“THERE is a culture of secrecy and cover-up at the heart of this dysfunctional and incompetent SNP government,” Anas Sarwar declared at FMQs. 

Who told him? SNP MSPs hissed at each other in panic. Find the leaker. Kill him! 

The number of Freedom of Information requests going to a minister for “sign-off or cover up” had risen five-fold since 2020, the Scottish Labour leader went on.  

Mmm, better, better, muttered the Nat benches. 

“So can I ask the First Minister, what’s he got to hide?”

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Humza Yousaf was in a humorous mood. “There is nothing to hide,” he smiled, shredding the last of his party’s ten million membership cards.

“I want to ensure.. we are the most transparent Government on these islands.”

As for the ferries saga that Mr Sarwar mentioned earlier, the latest twist was openly declared. “That is not hiding away; that is transparency in action.”

As the SNP’s troops clapped loud enough to break HQ’s bugging gear, Mr Sarwar grinned in anticipation of his own comeback.

“He says he’s transparent - transparently hopeless.” 

He then accused Mr Yousaf of trying to “intimidate his critics”.

The FM lamented the “desperate, desperate stuff” from his opponent. Anas Sarwar was clearly “somebody who has lots of style but no substance”.

The non-Nat bits of the chamber howled in laughter. A thicket of Labour arms pointed ironically at the FM. The Presiding Officer called for calm. Mr Yousaf started to lose it.

He remembered Mr Sarwar had voiced doubts over the dismal deposit return scheme. Not that he'd ever intimidate a critic, but that obviously meant the bloke was Tory scum.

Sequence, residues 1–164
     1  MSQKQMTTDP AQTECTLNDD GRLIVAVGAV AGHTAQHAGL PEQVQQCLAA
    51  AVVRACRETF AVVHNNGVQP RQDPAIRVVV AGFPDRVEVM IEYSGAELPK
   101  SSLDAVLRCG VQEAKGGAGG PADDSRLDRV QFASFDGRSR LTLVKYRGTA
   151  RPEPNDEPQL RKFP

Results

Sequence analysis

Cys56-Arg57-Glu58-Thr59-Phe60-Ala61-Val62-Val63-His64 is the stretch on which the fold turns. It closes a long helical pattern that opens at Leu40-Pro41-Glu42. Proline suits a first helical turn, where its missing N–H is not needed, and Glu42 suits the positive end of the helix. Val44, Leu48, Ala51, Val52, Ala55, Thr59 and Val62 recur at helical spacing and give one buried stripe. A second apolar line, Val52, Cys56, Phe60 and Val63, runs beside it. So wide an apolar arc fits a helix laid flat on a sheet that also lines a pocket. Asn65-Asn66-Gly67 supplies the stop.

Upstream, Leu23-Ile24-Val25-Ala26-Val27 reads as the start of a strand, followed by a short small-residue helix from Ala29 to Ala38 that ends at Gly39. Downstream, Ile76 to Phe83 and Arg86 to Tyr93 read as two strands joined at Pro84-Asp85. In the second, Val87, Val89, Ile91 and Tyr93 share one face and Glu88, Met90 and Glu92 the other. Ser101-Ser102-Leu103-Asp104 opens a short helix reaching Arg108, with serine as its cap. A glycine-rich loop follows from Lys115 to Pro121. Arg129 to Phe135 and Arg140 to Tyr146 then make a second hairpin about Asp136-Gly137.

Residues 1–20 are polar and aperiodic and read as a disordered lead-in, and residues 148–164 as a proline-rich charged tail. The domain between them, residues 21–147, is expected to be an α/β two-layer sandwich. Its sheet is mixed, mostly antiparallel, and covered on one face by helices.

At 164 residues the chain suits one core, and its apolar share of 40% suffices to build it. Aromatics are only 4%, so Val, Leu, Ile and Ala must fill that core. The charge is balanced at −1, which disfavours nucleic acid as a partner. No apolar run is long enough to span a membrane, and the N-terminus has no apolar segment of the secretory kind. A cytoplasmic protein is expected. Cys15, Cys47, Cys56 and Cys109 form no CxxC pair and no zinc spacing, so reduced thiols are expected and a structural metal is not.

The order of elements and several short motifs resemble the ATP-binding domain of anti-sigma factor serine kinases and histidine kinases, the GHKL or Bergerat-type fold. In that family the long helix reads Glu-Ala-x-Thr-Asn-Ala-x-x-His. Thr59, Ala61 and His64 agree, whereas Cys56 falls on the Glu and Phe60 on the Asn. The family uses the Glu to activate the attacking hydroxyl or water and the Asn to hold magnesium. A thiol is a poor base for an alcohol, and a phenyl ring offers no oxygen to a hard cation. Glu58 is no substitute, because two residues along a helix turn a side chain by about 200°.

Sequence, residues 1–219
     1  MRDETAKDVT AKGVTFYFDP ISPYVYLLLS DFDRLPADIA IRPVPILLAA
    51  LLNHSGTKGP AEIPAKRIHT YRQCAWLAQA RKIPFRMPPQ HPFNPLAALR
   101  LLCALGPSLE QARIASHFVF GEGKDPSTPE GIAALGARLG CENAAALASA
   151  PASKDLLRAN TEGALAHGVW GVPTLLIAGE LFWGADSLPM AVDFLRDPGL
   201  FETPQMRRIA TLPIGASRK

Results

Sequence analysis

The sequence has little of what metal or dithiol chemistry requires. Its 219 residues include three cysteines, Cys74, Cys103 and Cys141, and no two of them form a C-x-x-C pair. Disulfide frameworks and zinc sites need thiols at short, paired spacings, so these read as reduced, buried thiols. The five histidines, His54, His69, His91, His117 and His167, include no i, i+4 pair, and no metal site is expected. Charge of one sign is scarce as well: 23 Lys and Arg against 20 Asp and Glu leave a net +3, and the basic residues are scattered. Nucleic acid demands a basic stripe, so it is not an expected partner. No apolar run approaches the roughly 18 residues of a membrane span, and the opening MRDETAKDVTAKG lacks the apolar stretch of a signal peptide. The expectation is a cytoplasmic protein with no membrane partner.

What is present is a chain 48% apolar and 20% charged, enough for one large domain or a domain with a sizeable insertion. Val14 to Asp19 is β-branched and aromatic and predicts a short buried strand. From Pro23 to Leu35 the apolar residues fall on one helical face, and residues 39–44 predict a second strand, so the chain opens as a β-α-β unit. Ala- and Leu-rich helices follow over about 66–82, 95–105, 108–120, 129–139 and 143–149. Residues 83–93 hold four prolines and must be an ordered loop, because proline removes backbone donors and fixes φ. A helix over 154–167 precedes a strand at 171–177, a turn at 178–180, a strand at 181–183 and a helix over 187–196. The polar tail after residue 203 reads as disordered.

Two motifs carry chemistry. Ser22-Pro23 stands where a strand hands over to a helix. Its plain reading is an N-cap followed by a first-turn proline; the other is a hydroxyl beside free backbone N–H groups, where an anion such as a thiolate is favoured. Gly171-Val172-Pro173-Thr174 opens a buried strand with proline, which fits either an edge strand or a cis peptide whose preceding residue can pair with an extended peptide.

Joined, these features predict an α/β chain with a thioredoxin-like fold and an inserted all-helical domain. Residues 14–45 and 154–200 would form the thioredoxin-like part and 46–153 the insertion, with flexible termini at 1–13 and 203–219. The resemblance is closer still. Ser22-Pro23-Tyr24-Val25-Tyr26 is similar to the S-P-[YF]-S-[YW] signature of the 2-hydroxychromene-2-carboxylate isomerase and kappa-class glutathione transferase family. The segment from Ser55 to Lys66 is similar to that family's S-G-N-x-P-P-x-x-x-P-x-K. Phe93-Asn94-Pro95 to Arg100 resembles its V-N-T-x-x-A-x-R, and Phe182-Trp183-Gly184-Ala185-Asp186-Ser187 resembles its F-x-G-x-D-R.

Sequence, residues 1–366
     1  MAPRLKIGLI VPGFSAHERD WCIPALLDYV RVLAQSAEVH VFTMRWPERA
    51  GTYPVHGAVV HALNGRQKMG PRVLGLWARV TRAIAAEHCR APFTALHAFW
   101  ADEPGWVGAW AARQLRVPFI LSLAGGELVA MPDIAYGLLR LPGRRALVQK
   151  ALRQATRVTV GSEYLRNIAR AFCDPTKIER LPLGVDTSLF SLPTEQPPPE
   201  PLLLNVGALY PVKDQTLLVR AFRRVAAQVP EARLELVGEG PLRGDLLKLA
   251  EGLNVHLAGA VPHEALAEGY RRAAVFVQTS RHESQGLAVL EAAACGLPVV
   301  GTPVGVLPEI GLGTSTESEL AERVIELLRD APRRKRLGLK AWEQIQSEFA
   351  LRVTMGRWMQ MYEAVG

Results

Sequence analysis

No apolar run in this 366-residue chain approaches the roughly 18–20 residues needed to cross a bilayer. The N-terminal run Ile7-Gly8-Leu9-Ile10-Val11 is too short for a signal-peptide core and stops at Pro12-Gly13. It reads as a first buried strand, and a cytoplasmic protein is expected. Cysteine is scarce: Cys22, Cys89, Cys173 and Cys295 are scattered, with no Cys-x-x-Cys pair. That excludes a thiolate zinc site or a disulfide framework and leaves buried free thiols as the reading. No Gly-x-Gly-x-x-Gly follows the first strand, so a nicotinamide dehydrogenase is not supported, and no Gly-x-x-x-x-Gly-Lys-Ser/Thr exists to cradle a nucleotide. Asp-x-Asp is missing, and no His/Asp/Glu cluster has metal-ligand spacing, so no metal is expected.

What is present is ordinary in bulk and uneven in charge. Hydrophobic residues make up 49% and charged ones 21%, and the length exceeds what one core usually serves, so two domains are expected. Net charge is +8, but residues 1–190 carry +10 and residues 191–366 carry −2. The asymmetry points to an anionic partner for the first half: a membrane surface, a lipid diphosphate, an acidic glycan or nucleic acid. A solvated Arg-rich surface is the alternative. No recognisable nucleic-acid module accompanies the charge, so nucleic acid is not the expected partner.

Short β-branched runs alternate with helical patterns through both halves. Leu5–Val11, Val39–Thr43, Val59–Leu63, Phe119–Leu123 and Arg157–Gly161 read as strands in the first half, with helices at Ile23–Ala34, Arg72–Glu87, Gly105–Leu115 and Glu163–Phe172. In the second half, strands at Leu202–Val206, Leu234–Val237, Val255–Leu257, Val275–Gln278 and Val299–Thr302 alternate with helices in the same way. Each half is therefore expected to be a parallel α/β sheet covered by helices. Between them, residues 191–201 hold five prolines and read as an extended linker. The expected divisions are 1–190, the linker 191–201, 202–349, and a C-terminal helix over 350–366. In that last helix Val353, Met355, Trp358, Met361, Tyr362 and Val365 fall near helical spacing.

“Anas Sarwar is so desperate to attack the SNP he’s siding with the party that’s determined to undermine devolution,” the leader of the country burbled.

Mr Sarwar asked how many police probes the SNP had now. Equally dignified, Mr Yousaf said he was “a loser”. Hutchesons’ Grammar must wish it had expelled the pair of them. 

Later, the deplorable state of the Clyde and Hebrides ferries came up. Tory Donald Cameron urged compensation for folk unable to get on or off Mull at the moment.

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Mr Yousaf had a brilliant idea about ferries. When CalMac’s junkers didn’t show up, they had to pay a fine, so that money could be spent on ferries that did show up. 

These “penalty deductions” were already paying for £3million of the £9m bill to hire a new boat to cover break-downs.

“It is right that money is reinvested for the benefit of the resilience of the entire network,” he explained.

So if you want a better service, all you need is a lousy service to pay for it. Sorted.

It was yet more transparency - transparently mad.